The indications are uncontrolled ischemia, with objective evidence of ongoing ischemia.

I.   Objective evidence of ischemia
     1. Ischemic ST elevation; ST elevation known to be due to ischemia though not diagnostic of STEMI.
            a. Not ST elevation due to a normal variant or to LVH or LBBB etc. OR
            b. Dynamic ST elevation
     2. Ischemic ST depression (see the 5 primary patterns of ischemic ST depression)
            a. Not ST depression due to hypokalemia or LVH or LBBB
            b. Dynamic ST depression
     3. Positive troponin (this is a late finding!)
     4. New wall motion abnormality on ultrasound

Ischemic T-wave inversion is not necessarily evidence of ongoing ischemia!  Rather it is often a sign of reperfusion, even if evolving on serial ECGs!

II. Inability to control the ischemia with medical therapy alone (Ongoing ischemia)
     1.  Continued, refractory ischemia on the ECG or
     2.  Continued, refractory symptoms of ischemia (espeically chest pain) or
     3.  Shock, venticular dysrhythmias, pulmonary edema

In cases in which the ECG shows active ischemia, resolution of pain may be very deceptive.  Ischemia can be symptom free.  Studies of patients with known ischemia proven by dynamic ST segments on 12-lead ST segment monitoring show frequent periods of ischemia, including ST elevation and depression, not associated with symptoms.  Thus, if there is known ischemia manifesting on the ECG, these ECG findings of ischemia must resolve along with the symptoms.


  1. An electrocardiogram as the first might have been overlooked by any ED physician. What are the subtle changes you found in this ECG?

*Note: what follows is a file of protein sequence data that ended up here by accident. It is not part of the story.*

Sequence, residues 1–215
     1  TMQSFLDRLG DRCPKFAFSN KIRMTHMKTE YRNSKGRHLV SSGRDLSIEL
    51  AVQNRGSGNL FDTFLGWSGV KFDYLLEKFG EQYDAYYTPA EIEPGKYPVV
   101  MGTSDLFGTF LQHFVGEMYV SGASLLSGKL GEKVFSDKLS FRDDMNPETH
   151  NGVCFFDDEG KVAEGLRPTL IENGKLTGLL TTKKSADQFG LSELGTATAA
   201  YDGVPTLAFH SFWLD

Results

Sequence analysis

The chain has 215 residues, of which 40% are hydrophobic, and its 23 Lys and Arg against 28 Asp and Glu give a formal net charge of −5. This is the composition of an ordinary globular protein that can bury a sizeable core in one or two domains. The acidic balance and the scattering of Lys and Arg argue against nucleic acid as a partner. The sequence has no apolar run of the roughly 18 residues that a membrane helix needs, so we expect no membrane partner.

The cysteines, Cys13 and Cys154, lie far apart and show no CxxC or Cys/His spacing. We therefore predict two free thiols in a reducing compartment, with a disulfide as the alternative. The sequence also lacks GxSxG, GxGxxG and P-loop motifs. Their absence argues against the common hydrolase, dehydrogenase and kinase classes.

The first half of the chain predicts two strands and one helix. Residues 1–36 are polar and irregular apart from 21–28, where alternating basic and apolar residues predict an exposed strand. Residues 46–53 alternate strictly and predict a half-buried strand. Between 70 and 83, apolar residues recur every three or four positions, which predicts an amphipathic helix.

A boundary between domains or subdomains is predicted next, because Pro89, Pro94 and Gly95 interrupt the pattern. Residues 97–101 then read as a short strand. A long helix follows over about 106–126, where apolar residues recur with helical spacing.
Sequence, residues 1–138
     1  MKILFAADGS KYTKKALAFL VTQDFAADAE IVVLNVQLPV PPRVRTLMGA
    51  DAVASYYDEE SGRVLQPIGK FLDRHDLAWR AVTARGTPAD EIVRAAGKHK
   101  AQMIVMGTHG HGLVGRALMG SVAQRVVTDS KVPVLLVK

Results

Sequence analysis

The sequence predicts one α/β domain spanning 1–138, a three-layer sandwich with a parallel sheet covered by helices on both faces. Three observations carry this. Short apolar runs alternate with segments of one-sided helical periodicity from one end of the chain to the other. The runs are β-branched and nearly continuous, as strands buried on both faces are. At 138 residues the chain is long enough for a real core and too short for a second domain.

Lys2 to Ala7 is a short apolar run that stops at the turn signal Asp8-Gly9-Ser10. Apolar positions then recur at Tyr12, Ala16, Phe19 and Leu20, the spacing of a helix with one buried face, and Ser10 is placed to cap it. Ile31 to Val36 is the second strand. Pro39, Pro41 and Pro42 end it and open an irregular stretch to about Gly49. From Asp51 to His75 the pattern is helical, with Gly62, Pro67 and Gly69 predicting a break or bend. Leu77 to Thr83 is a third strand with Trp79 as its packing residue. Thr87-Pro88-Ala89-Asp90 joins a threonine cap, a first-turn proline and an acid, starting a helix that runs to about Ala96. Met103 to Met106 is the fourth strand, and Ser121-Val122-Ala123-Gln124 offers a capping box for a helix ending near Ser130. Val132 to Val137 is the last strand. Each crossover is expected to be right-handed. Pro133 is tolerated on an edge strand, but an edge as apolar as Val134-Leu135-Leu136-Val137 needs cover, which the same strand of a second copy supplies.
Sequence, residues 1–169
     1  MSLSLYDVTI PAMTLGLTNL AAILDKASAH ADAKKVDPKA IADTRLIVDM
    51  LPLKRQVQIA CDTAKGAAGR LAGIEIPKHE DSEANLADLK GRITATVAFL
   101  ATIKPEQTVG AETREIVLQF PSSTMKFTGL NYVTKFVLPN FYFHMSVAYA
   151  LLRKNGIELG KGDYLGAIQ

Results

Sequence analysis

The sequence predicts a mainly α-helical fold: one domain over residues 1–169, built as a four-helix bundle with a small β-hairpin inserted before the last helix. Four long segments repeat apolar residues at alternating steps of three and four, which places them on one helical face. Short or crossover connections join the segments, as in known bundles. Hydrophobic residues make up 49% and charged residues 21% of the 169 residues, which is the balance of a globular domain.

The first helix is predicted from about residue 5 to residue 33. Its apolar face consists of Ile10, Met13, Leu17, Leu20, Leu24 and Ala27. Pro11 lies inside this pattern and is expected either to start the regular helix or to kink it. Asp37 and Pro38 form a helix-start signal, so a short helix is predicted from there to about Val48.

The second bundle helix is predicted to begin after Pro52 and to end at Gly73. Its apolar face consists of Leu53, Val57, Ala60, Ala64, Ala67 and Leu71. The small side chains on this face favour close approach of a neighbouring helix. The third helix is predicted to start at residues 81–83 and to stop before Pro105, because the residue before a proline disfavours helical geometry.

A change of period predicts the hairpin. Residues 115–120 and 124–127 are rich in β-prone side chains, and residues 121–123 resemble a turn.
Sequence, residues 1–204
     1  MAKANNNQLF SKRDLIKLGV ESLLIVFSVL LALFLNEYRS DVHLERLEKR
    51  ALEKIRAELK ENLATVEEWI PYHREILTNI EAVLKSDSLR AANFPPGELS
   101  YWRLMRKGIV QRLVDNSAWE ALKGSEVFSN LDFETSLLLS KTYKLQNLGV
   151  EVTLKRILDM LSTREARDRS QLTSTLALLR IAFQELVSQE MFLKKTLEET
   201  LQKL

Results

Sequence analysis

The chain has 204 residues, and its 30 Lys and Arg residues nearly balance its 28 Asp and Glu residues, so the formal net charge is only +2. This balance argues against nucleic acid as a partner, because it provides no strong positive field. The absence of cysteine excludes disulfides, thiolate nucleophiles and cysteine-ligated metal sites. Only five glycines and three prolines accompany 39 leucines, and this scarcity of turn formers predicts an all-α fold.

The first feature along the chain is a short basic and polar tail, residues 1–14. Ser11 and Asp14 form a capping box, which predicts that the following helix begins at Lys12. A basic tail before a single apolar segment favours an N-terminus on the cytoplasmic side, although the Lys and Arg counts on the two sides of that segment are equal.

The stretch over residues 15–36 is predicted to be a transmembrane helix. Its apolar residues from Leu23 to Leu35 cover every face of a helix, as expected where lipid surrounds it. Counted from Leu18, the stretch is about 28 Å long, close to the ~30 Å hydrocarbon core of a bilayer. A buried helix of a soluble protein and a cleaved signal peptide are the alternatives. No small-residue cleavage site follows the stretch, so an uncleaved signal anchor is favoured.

1. The subtle findings are best seen in III and aVF: especially aVF, with an ST segment that goes down then up

  2. Do you think the regional wall abnormality found in the distal septum is responsible for the early injury pattern(minor STE + increased T wave amp)in lead II?

    1. I don't think that is related, and I'm not certain there are significant findings in lead II, although I grant that the T-wave is a bit large.

  3. in wellen's syndrome the resolution of pain should not be lead us to say that " theres nothing or it's gastric reflux".
    i think a key point is that whenever the pain goes off the ekg manifesations should do the same.
    i noticed that in V1 there's inverted T wave and it's associatedd with an inverted T wave in III, should some one put on top of differential diagnostic the possibility of Pulmonary Embolism ?

    Dr lotfi bensekrane.

    1. Both symptoms and EKG need to resolve. There are studies showing dynamic ST segments (on 12 lead monitor) that are asymptomatic. So if only symptoms go away, but EKG does not resolved, ischemia is persistent.

  4. Dr. Smith,

    I find myself a little confused by this case. I have reread the post called the 5 primary patterns of ischemic depression. My question is why does this ECG not show a isolated high lateral STEMI? Is it because of the tiny amount of ST-D in the inferior leads?

    1. I think it does show isolated high lateral MI, plus evidence of old anterior MI. It turned out to be BOTH acute high lateral AND anterior MI. Proximal LAD disease affects the anterior AND lateral walls.

  5. In retrospect, do you see the ST changes in leads I and aVL as 1mm and indicative of STEMI?

    1. They are, in retrospect, real. However, if you routinely based the diagnosis on this, you would have a lot of false positives.